Less satisfying, I could see all the similarities thrown into the mix - The Road, Huckleberry Finn, The Handmaid's Tale, Ridley Walker, Curious Incident, Mortal Engines with heroic kids on the run, and any Western with hardworking folks on the homestead. The cliffhanger ending left me a bit disappointed - I wasn't looking to have to pick up Book 2 (and, presumably Book 3) to get a bit of resolution.

I see from amazon that Book 2, The Ask And The Answer, is due out in May 2009.
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Old 5th Jan 2010, 12:19   #3
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Default Re: Patrick Ness: The Knife of Never Letting Go

Quote:
Originally Posted by paddyjoe View Post
I see from amazon that Book 2, The Ask And The Answer, is due out in May 2009.
This has just won the children's prize for the Costa 2009, so I had better make that my next official read.
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Old 5th Jan 2010, 14:21   #4
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Default Re: Patrick Ness: The Knife of Never Letting Go

Yes, and it came out last September (though the paperback is out in May).
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Old 5th Jan 2010, 15:37   #5
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Default Re: Patrick Ness: The Knife of Never Letting Go

I think it's the other way round, John - because I have a paperback copy I got this autumn sometime and it was out in hardback last spring. Or possibly it's being re-done in a fresh edition ready for the final part Monsters of Men which is out in May this year.
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Old 9th Jan 2010, 12:03   #6
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Default Re: Patrick Ness: The Knife of Never Letting Go

Battle not with monsters lest you become a monster and if you gaze into the abyss the abyss gazes into you

So said Nietzche, quoted in Patrick Ness’s second of his Chaos Walking trilogy. This timely reading chimes with the finale of the Tennant Dr Who years last week, with the Doctor realising the wrong he has done with his powers, and the Master’s mind warped and destroyed by looking into the Time Vortex as a young boy.

For Ness’s central characters, Todd and Viola, the dangers are those of being overcome by the exigencies of war and the crumbling ethical standards of a people cowed by fear and insecurity. The book chronicles their struggle and failure to find the best place in which to stand in this war. The hostilities seems to rise from one man – Mayor Prentiss - and his focused determination to rule and to subjugate those who refuse his rule with torture, slavery and imprisonment, or by sheer hypnotic power. Complicating the usual factors of warfare is Noise – the thoughts of men on this colony planet can be heard by all humanoids but those of women cannot. Honest rebellion and deceit are impossibilities when all thoughts are common knowledge and when a man can send a powerful thought slicing through your head or bludgeoning your mental self into pulp.

A fascist dictatorship arises with torture chambers, curfews, the segregation of sexes, the branding of humans with an immoveable metal ring for security’s sake. Alongside this runs the theoretically more moral terrorist resistance movement, the Answer, capable of using people just as callously to bring about their aims of toppling Prentiss. Given only these two options Todd and Viola are separated and their paths, different yet equal, lead them into actions that are pretty damning. In effect Todd becomes a war criminal, working at the right hand of Prentiss and groomed to be his successor; Viola seems to be less culpable – she works as a healer for the Answer but any chance she gets, she is trying to find her beloved Todd, ignoring her duty or assistance of others in favour of pursuing her chance to find him. Both characters are hard to like: Viola’s voice is clear but stubborn – “irritating” says one character of her – and Todd is punchy and inflammatory, forever issuing meaningless threats - “Don’t you dare hurt her” and beating up on Prentiss’s son, Davy, whenever provoked.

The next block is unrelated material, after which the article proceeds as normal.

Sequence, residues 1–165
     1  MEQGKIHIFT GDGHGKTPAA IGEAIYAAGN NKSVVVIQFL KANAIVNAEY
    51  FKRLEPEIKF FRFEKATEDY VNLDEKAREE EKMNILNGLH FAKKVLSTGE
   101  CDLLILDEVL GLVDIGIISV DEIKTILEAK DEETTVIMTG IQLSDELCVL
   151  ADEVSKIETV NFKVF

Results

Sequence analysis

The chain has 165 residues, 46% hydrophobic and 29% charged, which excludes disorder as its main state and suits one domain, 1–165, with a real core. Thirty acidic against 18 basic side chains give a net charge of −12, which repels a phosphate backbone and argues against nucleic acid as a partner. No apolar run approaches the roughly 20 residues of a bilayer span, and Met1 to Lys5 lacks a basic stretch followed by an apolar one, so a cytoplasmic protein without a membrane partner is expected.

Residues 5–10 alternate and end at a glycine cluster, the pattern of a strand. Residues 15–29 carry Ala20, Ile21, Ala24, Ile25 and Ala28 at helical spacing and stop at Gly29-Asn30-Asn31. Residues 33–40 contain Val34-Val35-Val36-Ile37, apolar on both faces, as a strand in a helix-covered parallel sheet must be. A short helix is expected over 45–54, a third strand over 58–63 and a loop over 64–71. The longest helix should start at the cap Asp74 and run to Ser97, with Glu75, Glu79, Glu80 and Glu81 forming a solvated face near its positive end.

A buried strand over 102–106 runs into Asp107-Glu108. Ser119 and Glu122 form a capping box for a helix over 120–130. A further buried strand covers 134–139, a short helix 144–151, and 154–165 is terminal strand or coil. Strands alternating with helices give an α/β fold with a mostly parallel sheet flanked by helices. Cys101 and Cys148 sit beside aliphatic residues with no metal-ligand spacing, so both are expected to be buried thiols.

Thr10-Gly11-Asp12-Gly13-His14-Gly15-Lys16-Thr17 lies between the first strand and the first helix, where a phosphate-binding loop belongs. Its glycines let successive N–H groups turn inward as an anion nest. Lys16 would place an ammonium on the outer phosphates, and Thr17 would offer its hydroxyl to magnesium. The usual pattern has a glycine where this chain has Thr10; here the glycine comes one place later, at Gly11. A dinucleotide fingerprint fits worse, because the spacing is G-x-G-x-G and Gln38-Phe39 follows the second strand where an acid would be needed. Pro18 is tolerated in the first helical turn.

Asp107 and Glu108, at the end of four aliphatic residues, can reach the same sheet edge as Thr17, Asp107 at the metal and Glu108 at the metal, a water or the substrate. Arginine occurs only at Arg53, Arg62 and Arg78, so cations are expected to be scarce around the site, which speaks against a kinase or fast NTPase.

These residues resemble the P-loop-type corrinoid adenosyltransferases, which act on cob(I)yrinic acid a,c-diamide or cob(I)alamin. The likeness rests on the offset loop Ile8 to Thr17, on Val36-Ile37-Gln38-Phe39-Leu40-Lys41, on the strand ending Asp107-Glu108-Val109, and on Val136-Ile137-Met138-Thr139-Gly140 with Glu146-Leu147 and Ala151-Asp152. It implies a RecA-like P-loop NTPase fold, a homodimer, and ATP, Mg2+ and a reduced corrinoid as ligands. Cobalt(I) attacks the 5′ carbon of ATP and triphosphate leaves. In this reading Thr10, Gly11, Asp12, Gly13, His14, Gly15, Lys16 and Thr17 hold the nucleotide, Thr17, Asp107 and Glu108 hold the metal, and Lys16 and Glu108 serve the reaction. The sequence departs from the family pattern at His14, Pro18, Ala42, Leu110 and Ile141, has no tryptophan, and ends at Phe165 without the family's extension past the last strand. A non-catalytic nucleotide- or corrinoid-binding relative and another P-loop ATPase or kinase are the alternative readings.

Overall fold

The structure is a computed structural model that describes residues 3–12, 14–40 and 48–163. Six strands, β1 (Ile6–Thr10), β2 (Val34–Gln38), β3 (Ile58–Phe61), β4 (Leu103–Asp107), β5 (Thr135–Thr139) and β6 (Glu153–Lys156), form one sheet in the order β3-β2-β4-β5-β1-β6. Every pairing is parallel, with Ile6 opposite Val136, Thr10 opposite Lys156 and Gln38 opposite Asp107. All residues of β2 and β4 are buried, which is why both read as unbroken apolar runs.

Viola is impatient and demanding, and imagines that her off-world friends whose spaceships are due to arrive within weeks, will be very different from the humans she is encountering now –
Quote:
My ships are up there somewhere. People who might’ve been able to help us, no, who would have helped us if I could’ve contacted them. Simone Watkin and Bradley Tench, good people, smart people, who would have stopped all this stupidity and the explosions and –
But if The Ask and the Answer tells the reader anything, it is that through circumstance and manipulation, through appeasement and hope of control, most people become willing adherents of one cause or another. Very few are as Corinne, the selfless ‘healer’ who stays with the sick and wounded, never losing sight of her own particular path through the bloodshed.

Viola or Todd are caught up in opposing armies and the levels of violence and oppression become normative. Viola frowns and sighs and grumbles about the little she can do (ignoring her abilities as a trained healer) and reverts to trusting the only figurehead she has, the leader of the rebel Answer, Mistress Coyle. Todd brutalises several hundred of the Spackle, the humanoid native species to the planet, driving them as starving slaves, and standing by whilst brutal torture is inflicted on both human women and men in order to reveal the whereabouts of the resistance. He is aware of his failings – “I’ve done terrible things, Viola” – but seems to consider that he only needs Viola’s forgiveness.